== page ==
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The Paks expansion project in November

The expansion of the Paks nuclear power plant is being carried out under the strictest safety and environmental protection standards, and the two new units will be surrounded by a double reinforced concrete wall that can withstand the harshest external impacts, Minister of Foreign Affairs and Trade Péter Szijjártó announced in Budapest.

The minister reported on the status of the Paks project at a hearing of the Hungarian National Assembly’s Committee on Sustainable Development, welcoming the fact that the visible phase of the project is now underway.

The two new units will be “Fukushima-proof,” meaning that the nuclear installation will be surrounded by a double reinforced concrete wall, a double-walled hermetic protection structure, able to withstand any external impact, even the most violent explosions or even an aircraft crash,”

he highlighted. “I would like to assure you that the highest standards of safety and environmental protection are being met in everything that is happening in Paks,” Péter Szijjártó emphasized.

He added that in addition to 94 Hungarian companies, American, French, German, Swedish, and Austrian companies had subcontracted the construction work for the time being.

The politician remarked that based on the National Energy and Climate Plan, greenhouse gas emissions should be reduced by at least 50% by 2030, compared to 1990 levels: currently, this is already 32%, while huge economic records have been broken year after year.

There are 20 countries in the world that have been able to increase their GDP while reducing their emissions,”

he said. The minister stressed the need to ensure security of energy supply in the implementation of the green transition. “This requires that we do not treat the green issue as a political and ideological monopoly, but as a real issue with both feet on the ground,” Szijjártó stressed.

He pointed out that electricity would play an even more important role, increasing the average electricity consumption of EU Member States by 50% by 2030. The minister called it a complex question of how to produce electricity cheaply, safely, sustainably, and in large quantities in a way that would make us as independent as possible from the huge price fluctuations on the international energy market.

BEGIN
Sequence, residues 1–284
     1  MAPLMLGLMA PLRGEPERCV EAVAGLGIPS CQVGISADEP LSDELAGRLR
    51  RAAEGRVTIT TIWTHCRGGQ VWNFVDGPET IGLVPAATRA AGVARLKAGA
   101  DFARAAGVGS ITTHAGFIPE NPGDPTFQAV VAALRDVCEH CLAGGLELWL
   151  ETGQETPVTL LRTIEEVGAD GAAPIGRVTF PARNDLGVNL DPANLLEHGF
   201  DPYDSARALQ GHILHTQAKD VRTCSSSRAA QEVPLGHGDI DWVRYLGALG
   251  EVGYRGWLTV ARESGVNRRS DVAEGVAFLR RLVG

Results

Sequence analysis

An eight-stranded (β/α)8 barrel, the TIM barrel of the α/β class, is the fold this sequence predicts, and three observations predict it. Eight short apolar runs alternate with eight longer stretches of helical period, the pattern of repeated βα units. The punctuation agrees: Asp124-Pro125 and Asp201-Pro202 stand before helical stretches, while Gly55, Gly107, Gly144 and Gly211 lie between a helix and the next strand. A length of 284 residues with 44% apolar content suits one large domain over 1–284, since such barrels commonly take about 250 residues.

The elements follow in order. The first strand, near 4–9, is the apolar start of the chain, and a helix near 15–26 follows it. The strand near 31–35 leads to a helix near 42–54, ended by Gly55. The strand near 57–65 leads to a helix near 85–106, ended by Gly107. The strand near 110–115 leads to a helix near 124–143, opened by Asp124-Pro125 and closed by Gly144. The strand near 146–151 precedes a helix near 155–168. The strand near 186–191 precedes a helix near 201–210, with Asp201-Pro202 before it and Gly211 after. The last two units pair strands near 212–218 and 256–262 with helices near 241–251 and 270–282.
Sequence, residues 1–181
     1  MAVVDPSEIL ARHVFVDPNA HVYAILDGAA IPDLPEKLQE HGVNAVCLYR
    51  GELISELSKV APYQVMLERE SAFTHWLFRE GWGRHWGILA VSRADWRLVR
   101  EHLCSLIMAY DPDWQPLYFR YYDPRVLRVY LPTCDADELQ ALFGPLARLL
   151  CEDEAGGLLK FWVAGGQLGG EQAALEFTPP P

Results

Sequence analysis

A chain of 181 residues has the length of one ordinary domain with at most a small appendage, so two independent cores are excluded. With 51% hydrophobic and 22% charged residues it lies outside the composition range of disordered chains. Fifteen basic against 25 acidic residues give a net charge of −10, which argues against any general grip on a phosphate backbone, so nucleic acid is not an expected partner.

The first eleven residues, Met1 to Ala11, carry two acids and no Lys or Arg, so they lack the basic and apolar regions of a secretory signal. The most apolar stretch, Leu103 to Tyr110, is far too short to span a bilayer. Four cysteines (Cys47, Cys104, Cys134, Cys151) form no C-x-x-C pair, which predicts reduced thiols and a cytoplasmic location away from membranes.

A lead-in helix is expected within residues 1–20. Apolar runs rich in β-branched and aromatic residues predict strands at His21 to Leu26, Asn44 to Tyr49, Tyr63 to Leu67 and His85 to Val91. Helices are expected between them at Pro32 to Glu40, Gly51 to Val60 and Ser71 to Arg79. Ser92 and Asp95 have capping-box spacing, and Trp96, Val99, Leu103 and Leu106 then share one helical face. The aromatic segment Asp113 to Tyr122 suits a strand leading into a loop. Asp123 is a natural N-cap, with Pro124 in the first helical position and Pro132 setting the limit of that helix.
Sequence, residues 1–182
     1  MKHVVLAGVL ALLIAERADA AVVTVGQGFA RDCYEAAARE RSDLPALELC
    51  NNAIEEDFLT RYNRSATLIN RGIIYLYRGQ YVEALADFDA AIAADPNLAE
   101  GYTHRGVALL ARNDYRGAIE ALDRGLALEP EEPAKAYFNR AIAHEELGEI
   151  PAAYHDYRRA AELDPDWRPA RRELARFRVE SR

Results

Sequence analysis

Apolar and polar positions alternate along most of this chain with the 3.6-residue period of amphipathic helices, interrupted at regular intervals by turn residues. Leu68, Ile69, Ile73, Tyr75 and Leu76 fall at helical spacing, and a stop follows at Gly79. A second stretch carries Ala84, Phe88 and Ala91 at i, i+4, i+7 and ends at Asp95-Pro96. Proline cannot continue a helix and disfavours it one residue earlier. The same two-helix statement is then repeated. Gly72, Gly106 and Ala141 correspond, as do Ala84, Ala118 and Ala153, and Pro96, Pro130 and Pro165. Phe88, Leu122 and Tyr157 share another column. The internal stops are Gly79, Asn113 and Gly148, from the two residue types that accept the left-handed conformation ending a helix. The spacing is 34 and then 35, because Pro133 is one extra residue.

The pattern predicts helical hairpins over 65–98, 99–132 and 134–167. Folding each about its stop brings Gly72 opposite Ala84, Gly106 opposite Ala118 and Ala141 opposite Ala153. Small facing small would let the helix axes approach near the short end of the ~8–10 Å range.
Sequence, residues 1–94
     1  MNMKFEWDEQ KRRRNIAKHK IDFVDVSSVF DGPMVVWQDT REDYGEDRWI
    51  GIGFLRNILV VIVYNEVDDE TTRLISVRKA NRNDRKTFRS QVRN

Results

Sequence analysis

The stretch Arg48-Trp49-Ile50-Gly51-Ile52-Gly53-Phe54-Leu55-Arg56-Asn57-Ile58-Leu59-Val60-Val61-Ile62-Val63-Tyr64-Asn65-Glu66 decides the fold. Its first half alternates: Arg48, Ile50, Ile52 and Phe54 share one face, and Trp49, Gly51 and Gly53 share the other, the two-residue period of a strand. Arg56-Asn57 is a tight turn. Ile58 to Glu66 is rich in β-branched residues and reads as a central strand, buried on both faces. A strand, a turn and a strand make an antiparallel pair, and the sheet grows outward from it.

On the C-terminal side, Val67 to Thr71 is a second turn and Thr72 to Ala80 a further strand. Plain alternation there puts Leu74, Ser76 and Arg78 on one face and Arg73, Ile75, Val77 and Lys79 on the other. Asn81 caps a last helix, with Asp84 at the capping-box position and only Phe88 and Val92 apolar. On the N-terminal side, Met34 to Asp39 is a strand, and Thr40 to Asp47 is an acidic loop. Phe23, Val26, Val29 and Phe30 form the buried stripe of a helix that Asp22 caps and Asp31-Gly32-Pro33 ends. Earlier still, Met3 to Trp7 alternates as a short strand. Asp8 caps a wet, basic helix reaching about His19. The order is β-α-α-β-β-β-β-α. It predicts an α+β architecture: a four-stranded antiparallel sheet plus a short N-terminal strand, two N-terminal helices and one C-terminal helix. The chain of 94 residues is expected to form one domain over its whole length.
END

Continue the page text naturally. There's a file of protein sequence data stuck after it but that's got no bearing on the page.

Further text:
Only nuclear energy can meet these four criteria. Nuclear energy is capable of producing large quantities of electricity cheaply, safely, and without harming the environment,”

he noted.

He stressed that 65% of electricity production in Hungary is now carbon neutral, thanks to nuclear energy. The Paks units are operating at 90-91% capacity, fuel supply is continuous, and weather-dependent generation can only meet a minimal part of demand during peak consumption, Szijjártó said.

Continued Operation of Paks Nuclear Power Plant Guaranteed
Continued Operation of Paks Nuclear Power Plant Guaranteed

The third shipment of nuclear fuel elements has arrived via the southern route.Continue reading

He added that the Paks expansion will replace 17 million tons of carbon dioxide emissions and 3.5 billion cubic meters of natural gas imports per year. To give an idea of the magnitude of these figures, he noted that the entire Hungarian transport sector emits 12 million tons per year and that all domestic forest areas can absorb six million tons of carbon dioxide emissions per year.

The minister also touched on the issue of solar power capacity, pointing out that last year it reached 4,000 megawatts, representing 13% of total electricity generation, one of the three best results in the EU.

By October this year, a total of 5,400 megawatts of solar capacity have been installed, of which more than 2,100 megawatts are small-scale plants,

he emphasized. “If our nuclear investment goes through, and solar investment goes through at the same pace, I believe that by the beginning of the next decade we will be able to say that we are almost 100% carbon neutral and self-sufficient in providing electricity to the population and the economy of the country,” he concluded.

No More Obstacles to the Expansion of the Paks Nuclear Power Plant
No More Obstacles to the Expansion of the Paks Nuclear Power Plant

On Friday, the CEO of Rosatom, Alexey Likhachev and State Secretary Levente Magyar visited the construction site.Continue reading

Via MTI, Featured image via Facebook/Paks II. Atomerőmű Zrt.

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